"There is grass-roots support throughout the community and within Labour that GE should not be allowed to threaten our the clean-green image. But the government burecaucracy is ignoring that, and are putting our brand reputation at risk," says Jon Carapiet from GE Free NZ in food and environment.

It is time to re-think the approach being taken to science by government to ensure the broader values of society are reflected. Over the last few days we have heard about the dismal state that Scientific Institutions are in, where scientists are not even able to assure their children that science is a viable career option.

The CRI model forced the independent institutions to build private public partnerships with biotechnology as their main business. In the case of Ag Research much funding went into developing Biotechnology with PPL. However when PPL went into bankcruptcy, after the failure of their biotech sheep, they also pulled funding from AgResearch, leaving them with a severe cash crisis.

It is a positive move that the Green Party are eschewing privatisation and bulkfunding of Institutions. Their policies stop the bleeding cuts and competition that cause a drag on development of ideas, and helps redirect funding into developing science on a sustainable, and ecologically sound basis.

"GE Free NZ are calling on government to commit to a science policy that enhances our clean-green reputation and makes it more of a reality, not less of a reality as their policies currently threaten to do," says Jon Carapiet.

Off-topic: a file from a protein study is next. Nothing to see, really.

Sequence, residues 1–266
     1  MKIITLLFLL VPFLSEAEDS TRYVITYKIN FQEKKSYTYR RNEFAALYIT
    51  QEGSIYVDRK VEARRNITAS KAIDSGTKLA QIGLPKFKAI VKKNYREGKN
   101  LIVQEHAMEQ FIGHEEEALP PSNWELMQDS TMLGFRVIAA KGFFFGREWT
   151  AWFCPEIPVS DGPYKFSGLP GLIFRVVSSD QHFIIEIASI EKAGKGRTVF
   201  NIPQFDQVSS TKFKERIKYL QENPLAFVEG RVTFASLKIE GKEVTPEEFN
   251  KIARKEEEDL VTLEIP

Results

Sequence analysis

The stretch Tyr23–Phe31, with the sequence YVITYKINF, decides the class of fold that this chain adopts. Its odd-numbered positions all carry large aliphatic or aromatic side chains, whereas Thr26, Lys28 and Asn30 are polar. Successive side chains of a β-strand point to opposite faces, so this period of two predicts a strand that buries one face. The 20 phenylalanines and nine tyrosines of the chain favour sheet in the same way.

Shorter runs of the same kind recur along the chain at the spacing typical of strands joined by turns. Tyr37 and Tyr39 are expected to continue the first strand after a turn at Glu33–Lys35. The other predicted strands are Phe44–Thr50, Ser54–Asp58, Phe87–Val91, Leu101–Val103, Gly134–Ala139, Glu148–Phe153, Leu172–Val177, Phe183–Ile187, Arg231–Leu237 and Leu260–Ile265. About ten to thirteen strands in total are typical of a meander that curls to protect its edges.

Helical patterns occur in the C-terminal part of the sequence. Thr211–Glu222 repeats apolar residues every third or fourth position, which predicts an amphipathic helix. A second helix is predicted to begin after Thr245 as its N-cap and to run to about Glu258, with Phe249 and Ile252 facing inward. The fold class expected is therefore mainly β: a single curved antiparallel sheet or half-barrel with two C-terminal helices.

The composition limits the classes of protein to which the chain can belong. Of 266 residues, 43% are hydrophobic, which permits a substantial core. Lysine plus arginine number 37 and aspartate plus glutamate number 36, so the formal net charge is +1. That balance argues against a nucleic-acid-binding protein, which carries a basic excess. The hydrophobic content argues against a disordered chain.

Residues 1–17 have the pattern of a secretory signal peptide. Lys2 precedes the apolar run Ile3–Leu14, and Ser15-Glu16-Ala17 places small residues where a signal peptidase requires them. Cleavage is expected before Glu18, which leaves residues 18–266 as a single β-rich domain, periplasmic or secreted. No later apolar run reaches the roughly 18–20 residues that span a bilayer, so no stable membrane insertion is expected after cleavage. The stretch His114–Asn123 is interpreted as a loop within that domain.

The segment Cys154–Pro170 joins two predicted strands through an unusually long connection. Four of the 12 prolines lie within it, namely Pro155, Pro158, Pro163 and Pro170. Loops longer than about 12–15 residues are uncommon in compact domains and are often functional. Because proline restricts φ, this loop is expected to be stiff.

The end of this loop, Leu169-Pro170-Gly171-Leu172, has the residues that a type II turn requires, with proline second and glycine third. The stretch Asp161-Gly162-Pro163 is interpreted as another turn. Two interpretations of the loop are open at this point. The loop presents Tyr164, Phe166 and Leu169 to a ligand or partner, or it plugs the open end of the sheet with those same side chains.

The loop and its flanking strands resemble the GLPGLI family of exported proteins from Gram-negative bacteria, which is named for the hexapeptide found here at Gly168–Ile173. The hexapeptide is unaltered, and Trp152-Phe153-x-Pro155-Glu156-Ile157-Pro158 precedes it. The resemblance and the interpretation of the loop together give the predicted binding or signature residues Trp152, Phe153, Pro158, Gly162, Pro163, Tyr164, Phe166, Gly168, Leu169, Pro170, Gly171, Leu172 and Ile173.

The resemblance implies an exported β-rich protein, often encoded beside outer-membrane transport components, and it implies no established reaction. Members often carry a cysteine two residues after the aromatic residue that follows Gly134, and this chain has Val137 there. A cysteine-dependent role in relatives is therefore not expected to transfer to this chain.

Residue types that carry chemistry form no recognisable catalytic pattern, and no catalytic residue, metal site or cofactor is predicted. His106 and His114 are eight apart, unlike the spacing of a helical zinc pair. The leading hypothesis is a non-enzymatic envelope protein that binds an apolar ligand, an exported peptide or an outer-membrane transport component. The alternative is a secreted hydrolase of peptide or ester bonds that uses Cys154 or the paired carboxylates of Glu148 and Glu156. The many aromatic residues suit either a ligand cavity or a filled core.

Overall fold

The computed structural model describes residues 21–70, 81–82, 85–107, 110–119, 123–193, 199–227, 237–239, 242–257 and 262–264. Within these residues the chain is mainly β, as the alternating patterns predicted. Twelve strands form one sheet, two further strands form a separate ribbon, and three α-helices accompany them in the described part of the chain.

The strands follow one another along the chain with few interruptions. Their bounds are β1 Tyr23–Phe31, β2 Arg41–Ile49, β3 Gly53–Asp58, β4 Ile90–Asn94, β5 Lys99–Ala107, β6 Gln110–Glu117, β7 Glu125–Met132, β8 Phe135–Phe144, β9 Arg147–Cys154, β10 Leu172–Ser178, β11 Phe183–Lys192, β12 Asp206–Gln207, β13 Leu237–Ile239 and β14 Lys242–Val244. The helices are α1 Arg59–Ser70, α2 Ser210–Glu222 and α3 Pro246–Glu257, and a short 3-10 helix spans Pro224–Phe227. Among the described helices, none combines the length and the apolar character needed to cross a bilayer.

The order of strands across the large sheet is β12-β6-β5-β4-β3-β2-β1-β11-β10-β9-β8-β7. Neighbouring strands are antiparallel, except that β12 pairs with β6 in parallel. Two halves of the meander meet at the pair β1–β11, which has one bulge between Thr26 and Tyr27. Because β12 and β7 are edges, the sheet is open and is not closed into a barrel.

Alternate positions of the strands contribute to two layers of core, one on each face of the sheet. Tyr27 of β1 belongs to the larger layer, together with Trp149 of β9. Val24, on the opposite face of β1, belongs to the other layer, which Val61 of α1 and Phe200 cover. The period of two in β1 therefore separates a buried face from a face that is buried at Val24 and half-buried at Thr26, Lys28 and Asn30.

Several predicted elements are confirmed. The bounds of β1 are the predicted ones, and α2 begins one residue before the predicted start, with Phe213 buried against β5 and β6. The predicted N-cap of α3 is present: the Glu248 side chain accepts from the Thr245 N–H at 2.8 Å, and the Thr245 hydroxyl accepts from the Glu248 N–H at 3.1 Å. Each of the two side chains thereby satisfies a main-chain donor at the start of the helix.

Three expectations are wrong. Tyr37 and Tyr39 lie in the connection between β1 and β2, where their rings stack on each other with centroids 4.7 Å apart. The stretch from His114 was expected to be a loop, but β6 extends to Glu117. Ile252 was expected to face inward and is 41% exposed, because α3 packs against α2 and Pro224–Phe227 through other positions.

Part of the investment in science must be to protect our GE Free, organic and conventional production systems from degredation and contamination.

It is wrong for the New Zealand government to be undermining our own investment is bio-security by blocking consensus for best-practice bio-security internationally.


Claire Bleakley (06) 3089842
Jon Carapiet 0210 507 681
Iowa makes 'unique' biotech agreement with New Zealand

Greens maintain commitment to keeping NZ GE-Free

GE is still in the lab and keeping it there will continue to be a priority for the Greens in the next Parliament, says Co-Leader Jeanette Fitzsimons.

"There is one aspect of the Greens’ Environment Policy announced today that is not new - we remain committed to keeping New Zealand’s environment GE-Free.

"Happily, the Greens and the GE-Free Movement have so far succeeded in keeping living GE organisms ‘in the lab’. We take credit, along with the rest of the movement, for the fact that NZ's first proposed release, in 1999, was withdrawn and there have been none since. This has given us a breathing space and time to reflect on the damage GE crops could do to our economy.

"Despite the lifting of the legal GE Moratorium in October 2003, there has still been no release of Genetically Modified Organisms. There haven’t even been any applications.

"The Greens have kept the promise we made in 2002 and not voted confidence and supply for the Labour-led Government during this term because of its unwise and short-sighted lifting of the GE Moratorium.

"The Moratorium is now history, so by definition, its continuation cannot be a ‘bottom line’ for us going into this election or subsequent negotiations. But both the Labour Party and the public should be under no illusion - maintaining New Zealand’s GE-Free status is a high priority for the Greens in any coalition or support talks after the election," says Ms Fitzsimons.

Environment Policy Summary Policy highlights:
Genetic Engineering

*Maintain NZ's current GE Free environment and food production - no release of GE organisms outside a contained laboratory

*See the full policy at:

for more on these issues see:
Brazil, New Zealand block decision on documentation of GMOs

The South North Development Monitor (SUNS), 7 June 2005, issue #5815